The marketing profession in the tech industry is at an inflection point. It can continue to operate on the basis of user data theft and neuromarketing *disguised as product led growth" as its core asset, or it can contribute to rebooting true innovation and self-sustaining startups in the American tech industry--which is sadly devolving into a form of IPO financial racketeering and tech supremacist user data theft and manipulation.

    Here's where it's all headed. I call it "SLACKeteering" in that the Slack IPO really appears to be a corruption game-changer--It was just an exit event for VCs, not a real IPO that raised capital for the company. And while Slack is seen as a poster child for PLG, the lion's share of its revenue is 'sales led' on big enterprise deals that are not tied to or dependent upon the magical thinking in the AARRR user conversion approach. Just read their financial statements if you don't believe that.

    What I've described above is the pre-state of a bubble. Operating on false reality is the pre-state of a bubble. Bubbles like UBER burning a billion in losses in a single quarter. How many truly innovative startups could be funded with that capital instead of flushing it down the drain on things like UBER's subsidized growth, or those massively money-losing freemium SaaS vendors who kick the can for years on profitability.

    At bottom, a Business to User (B2U) PLG startup is different than a B2B startup on many levels, despite having an "as a service" product approach. And an indirect, partner-based sell-through model of "as a service" can be operationally superior in every way to this direct user PLG.

    Additionally, critical or core analysis in the Product Led Growth movement itself appears to be based on direct market bias as "fake history." Here's an example of what I mean. While it's true for example that Dropbox employed multiple product embedded adoption mechanisms for user to user upselling that were highly creative "PLG hacks" (Thanks Sean Ellis), I believe that history shows that Dropbox EARLY ACCESS IN THE APPLE APP STORE is more relevant to their outstanding revenue efficiency and asymmetric advantage vs. competitor Box, a total cargo cult VC operation that still runs high cost of sales and marketing years after its IPO, and is also GAAP unprofitable.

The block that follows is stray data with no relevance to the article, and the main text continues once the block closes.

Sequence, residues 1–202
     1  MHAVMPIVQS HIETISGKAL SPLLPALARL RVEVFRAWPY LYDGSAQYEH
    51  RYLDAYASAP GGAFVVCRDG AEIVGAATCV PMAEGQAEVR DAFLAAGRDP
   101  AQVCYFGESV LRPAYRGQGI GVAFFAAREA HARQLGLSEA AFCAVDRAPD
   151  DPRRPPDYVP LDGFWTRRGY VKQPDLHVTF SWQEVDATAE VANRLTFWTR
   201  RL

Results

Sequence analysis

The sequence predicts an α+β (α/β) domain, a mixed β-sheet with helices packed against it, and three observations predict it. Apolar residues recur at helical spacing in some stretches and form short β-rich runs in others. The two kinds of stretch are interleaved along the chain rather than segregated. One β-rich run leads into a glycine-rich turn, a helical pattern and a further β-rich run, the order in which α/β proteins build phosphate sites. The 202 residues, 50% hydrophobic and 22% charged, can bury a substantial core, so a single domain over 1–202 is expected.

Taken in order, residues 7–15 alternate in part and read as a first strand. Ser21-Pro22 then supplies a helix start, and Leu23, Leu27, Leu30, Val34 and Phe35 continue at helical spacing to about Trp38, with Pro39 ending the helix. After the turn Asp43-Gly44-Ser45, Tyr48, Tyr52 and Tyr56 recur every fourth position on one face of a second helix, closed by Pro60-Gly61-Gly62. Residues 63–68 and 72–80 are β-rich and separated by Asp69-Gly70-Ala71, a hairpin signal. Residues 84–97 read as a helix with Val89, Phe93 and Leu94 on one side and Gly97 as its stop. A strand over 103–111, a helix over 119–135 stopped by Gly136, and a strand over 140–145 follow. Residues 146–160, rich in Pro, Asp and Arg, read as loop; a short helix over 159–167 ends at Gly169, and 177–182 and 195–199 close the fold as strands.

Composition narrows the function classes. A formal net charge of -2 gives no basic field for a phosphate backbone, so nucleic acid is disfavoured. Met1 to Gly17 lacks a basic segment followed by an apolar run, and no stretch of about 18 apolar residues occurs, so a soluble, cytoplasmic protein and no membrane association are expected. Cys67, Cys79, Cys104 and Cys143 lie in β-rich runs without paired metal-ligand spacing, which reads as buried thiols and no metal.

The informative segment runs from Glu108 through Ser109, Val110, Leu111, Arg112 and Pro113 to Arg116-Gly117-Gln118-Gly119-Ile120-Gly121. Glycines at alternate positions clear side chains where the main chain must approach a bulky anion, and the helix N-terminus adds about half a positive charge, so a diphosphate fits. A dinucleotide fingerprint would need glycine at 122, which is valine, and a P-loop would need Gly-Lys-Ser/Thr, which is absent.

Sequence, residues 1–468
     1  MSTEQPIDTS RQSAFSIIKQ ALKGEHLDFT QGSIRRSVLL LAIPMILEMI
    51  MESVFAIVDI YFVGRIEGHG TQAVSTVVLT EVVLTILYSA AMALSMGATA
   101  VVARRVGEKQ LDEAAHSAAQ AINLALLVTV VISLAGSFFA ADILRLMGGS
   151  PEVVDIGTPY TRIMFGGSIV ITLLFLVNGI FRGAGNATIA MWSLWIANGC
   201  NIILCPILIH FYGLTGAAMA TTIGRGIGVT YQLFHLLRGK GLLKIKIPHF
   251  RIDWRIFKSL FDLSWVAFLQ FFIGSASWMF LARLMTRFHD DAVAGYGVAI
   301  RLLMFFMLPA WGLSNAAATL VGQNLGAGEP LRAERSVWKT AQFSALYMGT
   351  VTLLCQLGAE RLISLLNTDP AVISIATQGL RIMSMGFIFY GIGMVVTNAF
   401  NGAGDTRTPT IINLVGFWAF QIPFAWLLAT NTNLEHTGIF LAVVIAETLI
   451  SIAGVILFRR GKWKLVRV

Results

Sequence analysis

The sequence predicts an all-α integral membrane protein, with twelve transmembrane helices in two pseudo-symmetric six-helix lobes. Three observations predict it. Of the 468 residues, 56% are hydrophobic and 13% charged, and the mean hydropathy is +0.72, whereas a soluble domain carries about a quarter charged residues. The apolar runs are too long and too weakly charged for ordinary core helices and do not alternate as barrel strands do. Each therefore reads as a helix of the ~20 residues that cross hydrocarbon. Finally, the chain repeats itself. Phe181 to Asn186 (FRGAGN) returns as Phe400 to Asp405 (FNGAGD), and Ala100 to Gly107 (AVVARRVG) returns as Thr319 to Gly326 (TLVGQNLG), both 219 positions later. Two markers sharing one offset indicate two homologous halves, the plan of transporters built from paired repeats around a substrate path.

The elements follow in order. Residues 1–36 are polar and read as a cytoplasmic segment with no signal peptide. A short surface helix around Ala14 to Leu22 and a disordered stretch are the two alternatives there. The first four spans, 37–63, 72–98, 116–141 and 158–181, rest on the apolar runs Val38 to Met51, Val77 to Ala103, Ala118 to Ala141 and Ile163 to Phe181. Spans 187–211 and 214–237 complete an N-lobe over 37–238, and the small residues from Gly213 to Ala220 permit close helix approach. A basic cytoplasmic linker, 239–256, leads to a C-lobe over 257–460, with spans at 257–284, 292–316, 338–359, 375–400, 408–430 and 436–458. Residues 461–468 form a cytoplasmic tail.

Simply put, Dropbox capitalized on the early landscape rivalry tied to the launch of the iPhone and Android, and leveraged those marketplaces as growth venues earlier than competitors for both user growth and deal flow during the mobility landgrab driven by Apple/Google competition. So partner marketplace venues like major incumbent vendor app stores locked in a smartphone landgrab are huge growth drivers independent of any product led tweaks.

    When marketers on this message board swallow the big lie that user-based marketing PLG is the optimal form of marketing for B2B companies, they paint themselves and their companies into a corner.

    When marketers on this board chase subsidized free products and freemium conversion as the starting point for their startup's growth journey, they end up relying on a "fake growth stack".


    It is sad to see PLG mindset emerge as the new epicenter of fake growth, startup financial losses, shady and even shadier IPOs, tech supremacist product nonsense, and the expanding tech stock bubble.